College Preparation for Research and Development Careers in the Petroleum Industry
- R.L. Perrine (U. Of California)
- Document ID
- Society of Petroleum Engineers
- Journal of Petroleum Technology
- Publication Date
- January 1963
- Document Type
- Journal Paper
- 37 - 40
- 1963. Original copyright American Institute of Mining, Metallurgical, and Petroleum Engineers, Inc. Copyright has expired.
- 3.2.3 Hydraulic Fracturing Design, Implementation and Optimisation, 4.3.4 Scale, 6.1.5 Human Resources, Competence and Training, 7.7.3 Technology Funding
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This paper discusses education for research and development in the petroleum industry. These activities are characterized by the need to develop creativity and inventiveness, and by the need for persistence to pursue them. General technical competence is also required. The master-pupil educational relationship is used because it is effective, and no effective alternative has been established. Graduate programs are inherently flexible, and are tailored to the individual. The greatest need to maintain quality education of this kind today is a stable source of funds to support the necessary research facilities and full-time student.
Many of today's engineering graduates look on the petroleum industry as a source of good prospects for an interesting and challenging career. Of these individuals, an increasingly large number show an interest in what is usually termed "research and development". The petroleum industry has a history of active research participation. This is shown by the state to which the technological basis of the industry has been developed, the number and kind of publications by industry research scientists and engineers, and by the support given to basic research through media such as the American Chemical Society Petroleum Research Fund and the American Petroleum Institute. In recent years, and particularly since 1950, research and development activity has spread into petroleum production, the domain of the petroleum engineer. With this background, then, it is natural to ask about college preparation for research and development careers in petroleum. Specific questions which can be posed include the following. Should we seek to educate scientists, engineers, or perhaps "engineering-science" engineers? At what level should the educational process end and the practice of research and development begin? How do the needs of this student group differ from the needs of those heading for professional practice as engineers? Before seeking answers to these specific questions, however, it is best to agree on some rational description of what is to be included within "research and development", and what is not.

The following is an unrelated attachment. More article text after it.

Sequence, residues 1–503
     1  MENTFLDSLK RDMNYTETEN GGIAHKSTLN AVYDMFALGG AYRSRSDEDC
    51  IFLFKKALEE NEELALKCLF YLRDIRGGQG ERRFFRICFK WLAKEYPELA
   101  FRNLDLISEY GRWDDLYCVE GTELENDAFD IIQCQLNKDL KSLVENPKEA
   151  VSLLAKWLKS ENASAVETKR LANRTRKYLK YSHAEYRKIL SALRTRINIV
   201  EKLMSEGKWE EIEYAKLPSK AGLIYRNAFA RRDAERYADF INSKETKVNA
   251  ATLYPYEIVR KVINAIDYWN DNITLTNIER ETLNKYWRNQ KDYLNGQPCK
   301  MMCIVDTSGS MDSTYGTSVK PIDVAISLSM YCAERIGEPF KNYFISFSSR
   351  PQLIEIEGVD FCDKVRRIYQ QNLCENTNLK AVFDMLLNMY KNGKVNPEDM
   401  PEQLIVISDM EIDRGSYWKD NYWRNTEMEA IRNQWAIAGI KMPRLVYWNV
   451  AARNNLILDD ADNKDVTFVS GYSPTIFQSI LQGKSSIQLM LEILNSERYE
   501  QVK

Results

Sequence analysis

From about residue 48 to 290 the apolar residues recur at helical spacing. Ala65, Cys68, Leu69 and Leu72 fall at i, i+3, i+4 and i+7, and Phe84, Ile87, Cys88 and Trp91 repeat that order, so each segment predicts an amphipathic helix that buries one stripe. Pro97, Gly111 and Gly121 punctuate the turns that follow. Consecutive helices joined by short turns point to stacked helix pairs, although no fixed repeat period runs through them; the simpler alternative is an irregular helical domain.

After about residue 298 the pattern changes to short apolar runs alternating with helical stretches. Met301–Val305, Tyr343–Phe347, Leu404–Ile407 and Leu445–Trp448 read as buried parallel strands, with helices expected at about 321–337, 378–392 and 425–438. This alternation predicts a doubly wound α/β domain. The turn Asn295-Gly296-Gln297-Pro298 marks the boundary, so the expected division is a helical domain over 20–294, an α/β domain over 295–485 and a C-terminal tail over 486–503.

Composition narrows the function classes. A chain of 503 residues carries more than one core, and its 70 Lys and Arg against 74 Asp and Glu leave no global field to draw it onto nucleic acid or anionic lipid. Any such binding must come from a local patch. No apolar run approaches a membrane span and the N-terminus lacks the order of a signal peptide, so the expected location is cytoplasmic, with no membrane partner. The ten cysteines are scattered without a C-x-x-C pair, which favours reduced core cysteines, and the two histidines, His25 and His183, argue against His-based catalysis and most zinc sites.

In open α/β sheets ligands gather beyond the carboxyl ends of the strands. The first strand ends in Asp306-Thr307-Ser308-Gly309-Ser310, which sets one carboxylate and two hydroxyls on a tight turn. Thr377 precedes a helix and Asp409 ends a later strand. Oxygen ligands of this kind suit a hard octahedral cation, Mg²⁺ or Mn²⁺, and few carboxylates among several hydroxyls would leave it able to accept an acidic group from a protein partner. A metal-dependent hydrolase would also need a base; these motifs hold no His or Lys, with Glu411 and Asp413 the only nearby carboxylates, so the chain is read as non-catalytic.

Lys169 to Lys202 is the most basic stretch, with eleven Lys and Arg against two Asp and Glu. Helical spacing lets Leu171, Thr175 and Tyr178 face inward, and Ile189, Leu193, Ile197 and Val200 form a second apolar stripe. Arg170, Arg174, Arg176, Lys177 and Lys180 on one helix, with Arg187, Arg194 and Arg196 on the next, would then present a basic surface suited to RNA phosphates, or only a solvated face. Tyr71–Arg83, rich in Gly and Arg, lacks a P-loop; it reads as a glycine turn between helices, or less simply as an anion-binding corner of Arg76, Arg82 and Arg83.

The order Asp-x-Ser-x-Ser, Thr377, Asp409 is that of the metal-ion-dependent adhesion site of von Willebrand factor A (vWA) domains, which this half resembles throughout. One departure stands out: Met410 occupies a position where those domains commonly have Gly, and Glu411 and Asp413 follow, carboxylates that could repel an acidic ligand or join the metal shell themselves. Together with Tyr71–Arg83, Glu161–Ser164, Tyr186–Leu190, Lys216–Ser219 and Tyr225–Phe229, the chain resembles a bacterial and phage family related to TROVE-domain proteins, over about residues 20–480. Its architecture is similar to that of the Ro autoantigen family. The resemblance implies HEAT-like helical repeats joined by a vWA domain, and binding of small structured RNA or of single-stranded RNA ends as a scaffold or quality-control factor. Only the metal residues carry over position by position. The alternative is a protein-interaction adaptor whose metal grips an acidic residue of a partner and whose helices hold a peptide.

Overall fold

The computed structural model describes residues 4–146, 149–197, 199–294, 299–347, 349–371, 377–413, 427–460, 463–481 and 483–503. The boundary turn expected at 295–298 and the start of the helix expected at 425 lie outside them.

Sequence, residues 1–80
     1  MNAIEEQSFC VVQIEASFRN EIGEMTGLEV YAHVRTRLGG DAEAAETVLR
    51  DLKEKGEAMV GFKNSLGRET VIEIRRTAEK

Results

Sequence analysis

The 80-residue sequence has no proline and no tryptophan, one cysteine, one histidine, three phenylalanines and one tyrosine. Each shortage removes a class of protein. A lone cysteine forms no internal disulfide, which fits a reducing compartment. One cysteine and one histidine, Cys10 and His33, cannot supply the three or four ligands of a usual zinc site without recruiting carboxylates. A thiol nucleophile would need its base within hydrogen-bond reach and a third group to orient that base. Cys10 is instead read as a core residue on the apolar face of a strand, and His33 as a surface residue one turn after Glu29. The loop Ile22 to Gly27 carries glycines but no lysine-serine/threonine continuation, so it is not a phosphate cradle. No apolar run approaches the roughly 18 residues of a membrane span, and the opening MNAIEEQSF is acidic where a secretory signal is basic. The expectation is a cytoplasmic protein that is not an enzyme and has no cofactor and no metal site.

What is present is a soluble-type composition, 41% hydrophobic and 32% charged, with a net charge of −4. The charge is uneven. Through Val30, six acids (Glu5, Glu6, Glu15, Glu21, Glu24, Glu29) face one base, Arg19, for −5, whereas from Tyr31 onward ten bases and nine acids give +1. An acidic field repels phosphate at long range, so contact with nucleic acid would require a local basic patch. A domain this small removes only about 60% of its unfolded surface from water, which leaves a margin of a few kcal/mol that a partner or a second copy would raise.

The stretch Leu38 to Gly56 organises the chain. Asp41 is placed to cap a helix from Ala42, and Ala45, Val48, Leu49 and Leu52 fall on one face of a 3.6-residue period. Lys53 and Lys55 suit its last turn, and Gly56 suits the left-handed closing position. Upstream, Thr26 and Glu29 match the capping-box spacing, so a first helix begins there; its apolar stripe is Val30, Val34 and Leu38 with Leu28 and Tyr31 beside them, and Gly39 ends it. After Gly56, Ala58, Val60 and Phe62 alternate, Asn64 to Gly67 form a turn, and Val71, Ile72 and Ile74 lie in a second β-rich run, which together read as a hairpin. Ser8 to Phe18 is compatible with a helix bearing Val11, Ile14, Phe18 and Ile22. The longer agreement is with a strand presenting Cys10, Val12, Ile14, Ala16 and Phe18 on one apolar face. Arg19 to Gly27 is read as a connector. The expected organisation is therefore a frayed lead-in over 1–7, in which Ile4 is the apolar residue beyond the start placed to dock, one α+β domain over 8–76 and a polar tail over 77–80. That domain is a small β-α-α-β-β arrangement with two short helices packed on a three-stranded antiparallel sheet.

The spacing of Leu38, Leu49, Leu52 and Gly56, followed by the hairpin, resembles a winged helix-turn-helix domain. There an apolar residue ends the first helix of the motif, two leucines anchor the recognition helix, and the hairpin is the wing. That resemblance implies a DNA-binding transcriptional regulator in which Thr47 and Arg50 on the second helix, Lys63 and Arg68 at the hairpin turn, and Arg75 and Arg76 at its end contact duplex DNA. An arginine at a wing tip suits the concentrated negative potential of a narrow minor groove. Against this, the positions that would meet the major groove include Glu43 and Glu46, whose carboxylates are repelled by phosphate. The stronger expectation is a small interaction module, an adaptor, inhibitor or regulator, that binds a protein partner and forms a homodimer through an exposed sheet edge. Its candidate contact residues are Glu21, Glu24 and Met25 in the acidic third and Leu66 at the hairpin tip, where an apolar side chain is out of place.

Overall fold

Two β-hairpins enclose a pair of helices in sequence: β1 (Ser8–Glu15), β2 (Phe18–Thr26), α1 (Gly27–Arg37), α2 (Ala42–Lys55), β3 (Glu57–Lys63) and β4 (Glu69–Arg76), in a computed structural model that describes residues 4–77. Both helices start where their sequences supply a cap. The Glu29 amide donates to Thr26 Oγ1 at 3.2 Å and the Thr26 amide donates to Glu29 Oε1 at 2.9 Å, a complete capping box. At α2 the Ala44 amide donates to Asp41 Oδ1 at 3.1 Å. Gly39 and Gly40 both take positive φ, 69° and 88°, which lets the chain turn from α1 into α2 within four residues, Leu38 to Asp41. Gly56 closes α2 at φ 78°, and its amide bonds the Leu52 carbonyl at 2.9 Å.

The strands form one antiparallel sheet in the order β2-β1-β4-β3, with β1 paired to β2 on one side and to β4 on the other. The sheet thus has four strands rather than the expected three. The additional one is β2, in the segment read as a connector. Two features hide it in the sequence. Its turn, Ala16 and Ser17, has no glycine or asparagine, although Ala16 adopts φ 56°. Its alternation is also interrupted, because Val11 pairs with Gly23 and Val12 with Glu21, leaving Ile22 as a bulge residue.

What is Research and Development?
It would probably prove impossible to get more than one qualified individual to agree, within a period less than several years, on a single, simple definition of "research". For this reason we shall avoid the problem of strict definition. Instead, we will repeat a descriptive quotation which characterizes research activity quite accurately, and with which almost everyone engaged in research and development will agree. From this statement we can then deduce the primary characteristics of research and proceed to further logical conclusions. The quotation is attributed to the late C.E.K. Mees, director of research for Eastman Kodak Co.
Research is a gamble. It cannot he conducted according to the rules of efficiency engineering. Research must be lavish of ideas, money, and time. The best advice is, don't quit easily, don't trust anyone's judgment but your own, especially don't take any advice from any commercial person or financial expert and finally, if you really don't know what to do, match for it. The bet person to decide what research work shall be done is the man who is doing research. The next best is the head of the department. After that you leave the field of best persons and meet increasingly worse groups. The first of these is the research director, who is probably wrong more than half the time. Then comes a committee, which is wrong most of the time. Finally, there is the committee of company vice presidents, which is wrong all the time. From this statement we deduce the two necessary aspects of what is properly termed research. 1. Research is independent, creative work toward the solution of problems; work with ideas that may yet be tentative and ill-formed; work that necessarily may be recklessly at variance with past, established understanding. 2. Research requires perseverance; the solution of research problems requires time for continued thought and effort, perhaps far past the point where the commercial-minded person would concede failure.
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